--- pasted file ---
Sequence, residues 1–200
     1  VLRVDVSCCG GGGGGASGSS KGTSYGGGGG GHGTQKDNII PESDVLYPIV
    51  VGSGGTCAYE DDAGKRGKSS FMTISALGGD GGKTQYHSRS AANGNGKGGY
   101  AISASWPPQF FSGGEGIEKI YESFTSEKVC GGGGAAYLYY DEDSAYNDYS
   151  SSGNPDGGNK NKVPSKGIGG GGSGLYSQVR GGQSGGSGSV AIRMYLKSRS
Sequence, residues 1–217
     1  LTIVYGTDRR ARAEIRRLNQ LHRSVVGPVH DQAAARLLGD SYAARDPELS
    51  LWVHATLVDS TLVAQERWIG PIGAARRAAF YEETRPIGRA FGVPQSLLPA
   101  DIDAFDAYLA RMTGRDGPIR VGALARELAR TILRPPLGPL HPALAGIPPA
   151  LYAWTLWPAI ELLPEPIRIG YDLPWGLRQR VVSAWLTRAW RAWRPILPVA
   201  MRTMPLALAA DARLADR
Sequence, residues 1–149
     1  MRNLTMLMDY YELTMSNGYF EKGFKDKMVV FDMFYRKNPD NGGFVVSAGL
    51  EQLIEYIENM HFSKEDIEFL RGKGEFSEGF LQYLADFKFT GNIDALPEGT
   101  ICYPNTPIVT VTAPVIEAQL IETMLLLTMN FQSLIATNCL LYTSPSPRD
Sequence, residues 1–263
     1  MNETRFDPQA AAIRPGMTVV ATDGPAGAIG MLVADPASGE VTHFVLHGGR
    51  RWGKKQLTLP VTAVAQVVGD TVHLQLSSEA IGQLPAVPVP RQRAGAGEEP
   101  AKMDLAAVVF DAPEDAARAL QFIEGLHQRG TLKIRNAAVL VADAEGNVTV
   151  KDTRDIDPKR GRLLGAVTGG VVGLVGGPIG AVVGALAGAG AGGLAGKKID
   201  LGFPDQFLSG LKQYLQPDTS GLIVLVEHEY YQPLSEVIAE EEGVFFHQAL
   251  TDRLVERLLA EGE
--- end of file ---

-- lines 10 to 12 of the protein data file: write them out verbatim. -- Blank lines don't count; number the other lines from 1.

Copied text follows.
   151  LYAWTLWPAI ELLPEPIRIG YDLPWGLRQR VVSAWLTRAW RAWRPILPVA
   201  MRTMPLALAA DARLADR
Sequence, residues 1–149